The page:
Here’s the latest in a series of blog posts to highlight the kind of information that has been opened up to the public thanks to Freedom of Information requests on Alaveteli sites across the world. Here is part one, part two, part three and part four.
Auckland residents can now visualise future development in their community
Sometimes data released via FOI requests can be pretty incomprehensible, and frankly quite dull. That is, until someone makes a handy visualisation tool that makes the data come alive and easier to understand.
That’s exactly what happened with this request made on the New Zealand Alaveteli fyi.org.nz. The data released was picked up by the New Zealand Herald, who have used it to make an interactive map (see screenshot below) of Auckland Council’s proposed neighbourhood development plan.
Now Auckland residents can see at a glance how their council plans to change their local neighbourhood.
A similar use of data released via FOI laws occurred a few years ago in the UK after this request on WhatDoTheyKnow. The request asked for the location of every post box in the UK. The data released has been used to create useful tools like this one (developed by our very own Matthew Somerville), which helps citizens easily locate the nearest place to post their letters:
Hungarian utility provider consciously allows pollution of major river
Another great way to help people visualise the real-life effects of the data they see in an FOI response is to video it, like investigative journalists at Atlatszo did. Their short clip graphically shows a river clogged up with four times as much sewage as the treatment plant has the capability to process.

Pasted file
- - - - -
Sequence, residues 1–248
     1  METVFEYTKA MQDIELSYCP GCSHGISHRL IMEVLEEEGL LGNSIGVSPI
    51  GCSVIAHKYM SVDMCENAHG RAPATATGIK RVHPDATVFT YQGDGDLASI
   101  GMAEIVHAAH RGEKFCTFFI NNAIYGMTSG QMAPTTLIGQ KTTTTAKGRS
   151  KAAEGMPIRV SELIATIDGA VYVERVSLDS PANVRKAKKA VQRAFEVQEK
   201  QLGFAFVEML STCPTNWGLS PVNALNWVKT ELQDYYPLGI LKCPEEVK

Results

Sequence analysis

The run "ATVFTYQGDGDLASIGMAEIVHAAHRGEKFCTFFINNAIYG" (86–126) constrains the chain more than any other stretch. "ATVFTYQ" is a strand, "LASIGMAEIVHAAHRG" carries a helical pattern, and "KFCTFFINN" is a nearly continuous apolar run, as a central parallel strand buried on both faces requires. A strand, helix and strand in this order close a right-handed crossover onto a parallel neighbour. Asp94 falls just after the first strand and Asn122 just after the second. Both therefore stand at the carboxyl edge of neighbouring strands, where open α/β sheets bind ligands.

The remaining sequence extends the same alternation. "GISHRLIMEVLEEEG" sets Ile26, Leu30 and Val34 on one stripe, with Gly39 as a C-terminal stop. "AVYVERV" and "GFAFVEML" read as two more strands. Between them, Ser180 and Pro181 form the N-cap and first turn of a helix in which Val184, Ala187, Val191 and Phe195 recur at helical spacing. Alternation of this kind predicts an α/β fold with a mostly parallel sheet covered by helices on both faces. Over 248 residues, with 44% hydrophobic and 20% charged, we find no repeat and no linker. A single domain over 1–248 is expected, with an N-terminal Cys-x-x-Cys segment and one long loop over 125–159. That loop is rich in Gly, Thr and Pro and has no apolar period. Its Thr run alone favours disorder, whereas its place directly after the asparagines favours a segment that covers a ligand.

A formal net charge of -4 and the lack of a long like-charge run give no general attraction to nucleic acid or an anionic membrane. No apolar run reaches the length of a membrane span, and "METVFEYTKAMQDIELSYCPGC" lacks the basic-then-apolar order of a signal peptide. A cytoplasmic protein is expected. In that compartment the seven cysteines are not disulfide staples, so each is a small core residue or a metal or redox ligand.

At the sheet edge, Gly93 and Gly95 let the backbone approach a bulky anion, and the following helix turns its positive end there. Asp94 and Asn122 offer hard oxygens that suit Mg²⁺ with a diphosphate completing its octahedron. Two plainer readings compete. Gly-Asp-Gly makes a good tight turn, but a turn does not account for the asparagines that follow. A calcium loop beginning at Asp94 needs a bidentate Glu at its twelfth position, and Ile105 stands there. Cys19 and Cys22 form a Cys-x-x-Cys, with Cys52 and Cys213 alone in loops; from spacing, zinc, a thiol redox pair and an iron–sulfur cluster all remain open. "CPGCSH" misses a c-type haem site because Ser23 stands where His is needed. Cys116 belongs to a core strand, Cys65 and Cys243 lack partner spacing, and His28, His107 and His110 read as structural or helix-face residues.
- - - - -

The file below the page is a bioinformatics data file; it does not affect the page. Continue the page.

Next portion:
Atlatszo used KiMiTud to obtain local government audit reports of a sewage works company.
The documents reveal that five audits have been carried out in the last few years, and serious deficiencies were found each time: harmful untreated sewage was being pumped into the nearby river Tisza.
These findings led to the company being fined by the regulator. It is claimed that the company would rather pay these fines than spend the money updating their equipment.
According to Atlatszo’s investigation, the company could not and did not refute that the quality of water leaving their plant is often more polluted than legally allowed, and admitted that their equipment is not up to date. Let’s hope Atlatszo’s pressure on them will make them change their practices.
In a recent similar case in Australia, the use of FOI revealed evidence of neglect at a landfill site, with the potential for environmental harm and drinking water contamination.
The above examples yet again show the real diversity of information you can obtain via FOI requests, and highlight what an amazing tool FOI is for both data journalists, and investigative journalists.
In fact, we’re so passionate about journalists taking full advantage of FOI laws, that we’re about to launch a project that will develop a set of tools to help journalists (and others) to use FOI more easily in their work.
If you know of any interesting requests made on Alaveteli sites (or other online FOI portals) that you’d like featured in this blog post series, then please do get in touch.